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Roubini warns of eurozone break-up

Nouriel Roubini, the chairman of Roubini Global Economics known also by his popular nickname “Dr Doom”, has warned the eurozone will break up if it fails to find a more radical solution to its current problems.

Writing on the Financial Times website, Roubini argues that a lack of discipline in countries such as Greece and Portugal has caused them to lose their competitiveness. Spain and Ireland remain plagued by the end of their financial bubbles, he says.

Core taxpayers are unlikely to accept “the taxes of German (and other core) taxpayers are not backstopping only their country’s debt but also the debt of the members of the periphery”, warns Roubini.

The solution is to leave the euro and return to national currencies “and achieve a massive nominal and real depreciation”.

Roubini recognises the inconceivable nature of such a suggestion but recognises that might not be the case five years down the line.

Roubini also reiterates his prediction that some eurozone government debt will have to be restructured. Yesterday saw Standard & Poor’s downgrade Greece to CCC – the worst sovereign rating in the world.
In a statement, S&P said: “In our view, Greece is increasingly likely to restructure its debt in a manner that, under the conditions of any package of additional funding provided by Greece’s official creditors, would result in one or more defaults under our criteria.”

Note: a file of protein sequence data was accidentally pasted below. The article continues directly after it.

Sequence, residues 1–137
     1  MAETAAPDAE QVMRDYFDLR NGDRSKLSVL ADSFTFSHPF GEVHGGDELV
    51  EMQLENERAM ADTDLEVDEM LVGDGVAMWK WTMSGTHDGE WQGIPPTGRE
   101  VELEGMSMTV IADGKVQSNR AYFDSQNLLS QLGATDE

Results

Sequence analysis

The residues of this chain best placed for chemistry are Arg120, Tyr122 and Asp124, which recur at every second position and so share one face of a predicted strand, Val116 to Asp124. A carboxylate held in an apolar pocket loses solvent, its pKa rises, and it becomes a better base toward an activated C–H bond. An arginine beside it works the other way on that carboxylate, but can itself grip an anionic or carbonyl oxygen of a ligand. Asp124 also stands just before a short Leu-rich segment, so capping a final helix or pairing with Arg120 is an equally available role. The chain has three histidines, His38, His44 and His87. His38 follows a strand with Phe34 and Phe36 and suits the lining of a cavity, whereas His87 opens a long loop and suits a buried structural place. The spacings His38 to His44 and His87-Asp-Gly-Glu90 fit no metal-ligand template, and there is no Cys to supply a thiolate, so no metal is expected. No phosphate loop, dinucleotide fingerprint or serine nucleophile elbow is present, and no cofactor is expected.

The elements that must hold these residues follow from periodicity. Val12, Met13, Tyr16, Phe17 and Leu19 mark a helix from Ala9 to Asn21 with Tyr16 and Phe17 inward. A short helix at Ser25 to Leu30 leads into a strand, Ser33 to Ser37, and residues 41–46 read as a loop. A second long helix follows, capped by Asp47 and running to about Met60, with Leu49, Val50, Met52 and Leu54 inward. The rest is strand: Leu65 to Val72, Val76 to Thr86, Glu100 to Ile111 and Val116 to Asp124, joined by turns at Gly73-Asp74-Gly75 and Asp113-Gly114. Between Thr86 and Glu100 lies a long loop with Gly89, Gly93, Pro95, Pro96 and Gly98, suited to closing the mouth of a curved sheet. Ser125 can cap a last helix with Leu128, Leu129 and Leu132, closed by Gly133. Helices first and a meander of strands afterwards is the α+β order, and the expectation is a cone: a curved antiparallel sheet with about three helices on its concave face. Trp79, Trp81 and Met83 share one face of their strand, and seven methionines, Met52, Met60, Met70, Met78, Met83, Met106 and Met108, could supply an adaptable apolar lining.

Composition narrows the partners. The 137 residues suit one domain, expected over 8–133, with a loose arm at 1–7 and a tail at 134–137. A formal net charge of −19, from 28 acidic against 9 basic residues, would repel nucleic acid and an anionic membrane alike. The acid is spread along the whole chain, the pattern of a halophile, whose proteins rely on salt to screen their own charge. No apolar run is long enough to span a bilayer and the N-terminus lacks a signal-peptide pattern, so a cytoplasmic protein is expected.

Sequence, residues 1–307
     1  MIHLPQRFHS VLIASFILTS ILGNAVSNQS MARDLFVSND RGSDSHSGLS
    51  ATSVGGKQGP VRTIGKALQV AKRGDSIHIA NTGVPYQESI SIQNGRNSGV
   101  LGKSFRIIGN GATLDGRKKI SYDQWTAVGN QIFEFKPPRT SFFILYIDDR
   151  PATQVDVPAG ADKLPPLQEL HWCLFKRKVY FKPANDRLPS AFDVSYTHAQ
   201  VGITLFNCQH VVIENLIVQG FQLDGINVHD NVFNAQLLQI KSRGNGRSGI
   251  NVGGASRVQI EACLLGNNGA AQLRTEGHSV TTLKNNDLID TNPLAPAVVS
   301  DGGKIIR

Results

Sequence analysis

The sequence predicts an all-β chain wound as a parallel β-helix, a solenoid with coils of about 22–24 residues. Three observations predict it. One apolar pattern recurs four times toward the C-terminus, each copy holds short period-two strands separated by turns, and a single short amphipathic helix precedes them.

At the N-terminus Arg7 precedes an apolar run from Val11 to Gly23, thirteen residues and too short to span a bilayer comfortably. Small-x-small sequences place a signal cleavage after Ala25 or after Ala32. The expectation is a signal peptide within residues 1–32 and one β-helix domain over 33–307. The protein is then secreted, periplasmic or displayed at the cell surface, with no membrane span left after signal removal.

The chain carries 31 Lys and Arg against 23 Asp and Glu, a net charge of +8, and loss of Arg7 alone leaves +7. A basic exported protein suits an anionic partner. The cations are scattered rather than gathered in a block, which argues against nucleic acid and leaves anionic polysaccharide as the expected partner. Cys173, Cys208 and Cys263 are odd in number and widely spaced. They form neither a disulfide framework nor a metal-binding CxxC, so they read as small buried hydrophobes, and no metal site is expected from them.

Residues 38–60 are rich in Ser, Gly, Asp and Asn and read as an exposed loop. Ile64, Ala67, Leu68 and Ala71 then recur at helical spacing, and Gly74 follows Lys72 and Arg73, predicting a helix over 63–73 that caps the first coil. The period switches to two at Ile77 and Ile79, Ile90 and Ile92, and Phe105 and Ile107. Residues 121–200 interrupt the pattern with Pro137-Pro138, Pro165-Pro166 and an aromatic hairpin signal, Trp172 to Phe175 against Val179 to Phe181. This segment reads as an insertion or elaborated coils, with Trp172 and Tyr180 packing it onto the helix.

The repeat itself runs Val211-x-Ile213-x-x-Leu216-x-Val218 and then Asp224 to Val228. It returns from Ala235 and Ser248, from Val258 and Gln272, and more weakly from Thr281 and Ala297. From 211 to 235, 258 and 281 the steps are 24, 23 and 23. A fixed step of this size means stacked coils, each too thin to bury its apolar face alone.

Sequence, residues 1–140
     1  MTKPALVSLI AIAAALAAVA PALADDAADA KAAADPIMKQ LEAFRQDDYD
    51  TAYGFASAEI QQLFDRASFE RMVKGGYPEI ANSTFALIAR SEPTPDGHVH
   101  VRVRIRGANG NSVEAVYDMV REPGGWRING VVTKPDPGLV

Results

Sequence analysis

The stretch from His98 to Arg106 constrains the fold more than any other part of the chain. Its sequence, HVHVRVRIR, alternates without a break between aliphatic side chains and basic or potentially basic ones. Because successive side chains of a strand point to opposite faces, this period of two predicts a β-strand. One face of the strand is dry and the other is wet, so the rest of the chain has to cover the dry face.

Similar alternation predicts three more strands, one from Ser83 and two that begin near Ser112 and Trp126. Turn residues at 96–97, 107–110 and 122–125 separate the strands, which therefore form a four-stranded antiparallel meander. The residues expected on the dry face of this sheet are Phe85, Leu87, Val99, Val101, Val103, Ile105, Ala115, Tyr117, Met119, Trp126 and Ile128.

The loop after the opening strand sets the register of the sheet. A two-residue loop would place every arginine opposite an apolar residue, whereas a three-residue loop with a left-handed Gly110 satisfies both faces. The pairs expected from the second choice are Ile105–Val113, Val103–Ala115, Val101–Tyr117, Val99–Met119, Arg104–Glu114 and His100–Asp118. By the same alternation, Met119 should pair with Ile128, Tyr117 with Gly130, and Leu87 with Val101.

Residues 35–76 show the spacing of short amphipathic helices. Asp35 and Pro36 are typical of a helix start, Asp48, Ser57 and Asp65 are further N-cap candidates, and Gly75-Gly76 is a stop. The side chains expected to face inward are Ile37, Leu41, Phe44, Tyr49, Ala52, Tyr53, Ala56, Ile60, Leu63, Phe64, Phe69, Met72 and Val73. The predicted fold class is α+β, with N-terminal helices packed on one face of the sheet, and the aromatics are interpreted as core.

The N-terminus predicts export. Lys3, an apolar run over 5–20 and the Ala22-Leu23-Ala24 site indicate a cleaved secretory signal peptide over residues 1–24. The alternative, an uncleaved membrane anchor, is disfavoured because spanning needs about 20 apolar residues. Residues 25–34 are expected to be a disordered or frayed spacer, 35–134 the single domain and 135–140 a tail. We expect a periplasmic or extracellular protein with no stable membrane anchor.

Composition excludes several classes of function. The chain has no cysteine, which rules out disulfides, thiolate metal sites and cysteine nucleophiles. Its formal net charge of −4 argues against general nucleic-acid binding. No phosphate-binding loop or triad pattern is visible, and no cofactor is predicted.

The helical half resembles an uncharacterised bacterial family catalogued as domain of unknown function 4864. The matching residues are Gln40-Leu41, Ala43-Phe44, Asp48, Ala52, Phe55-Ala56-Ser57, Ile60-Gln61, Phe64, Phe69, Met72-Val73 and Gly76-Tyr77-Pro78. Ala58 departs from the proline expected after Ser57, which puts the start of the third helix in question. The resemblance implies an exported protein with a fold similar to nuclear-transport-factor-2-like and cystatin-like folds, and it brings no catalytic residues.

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  1. Julian Stevens 15th June 2011 at 9:00 am

    It would be interesting to know just what benefits have been achieved by the creation of the eurozone. It seems primarily to have been about the creation of financial disciplines across a disparate assortment of national economies, to which various countries have agreed to aspire but then, when they’ve failed, they somehow get let off the hook and their more successful neighbours end up bailing them out. So, for example, Germany has ended up pouring billions of euros of its own prosperity into Greece but plainly it hasn’t worked. If, as seems likely, Greece defaults, that money will just have to be written off. What will Germany’s response be when Spain or Portugal asks for a few hundred billion euros?

    The reason Turkey’s so keen to gain admission to the eurozone isn’t because of what it can contribute but what it can get out of it. Ireland joined the eurozone, boomed for a while on all the grants (hand-outs) and borrowed money but now, due to incompetent fiscal governance, its economy has gone to pieces and it’ll probably never pay any of that money back. Why the UK is “lending” Ireland billions of pounds, I really don’t know. It’s all very well to talk about making Ireland a stronger trading partner but, if that strength is based principally on our own money, it doesn’t seem exactly to constitute a very robust proposition

    When all is said and done, countries have to accept the consequences of failing to manage their own economies competently and get themselves out of the mire ~ as indeed is UK plc ~ rather than going cap in hand for a bail-out from all the other countries in the eurozone. So what if UK plc is on the economic fringes of the eurozone? We seem to have coped okay for the last several hundred years. In all probability, the creation of the eurozone will go down in history as a monumentally expensive experiment that simply didn’t and was never going to work.

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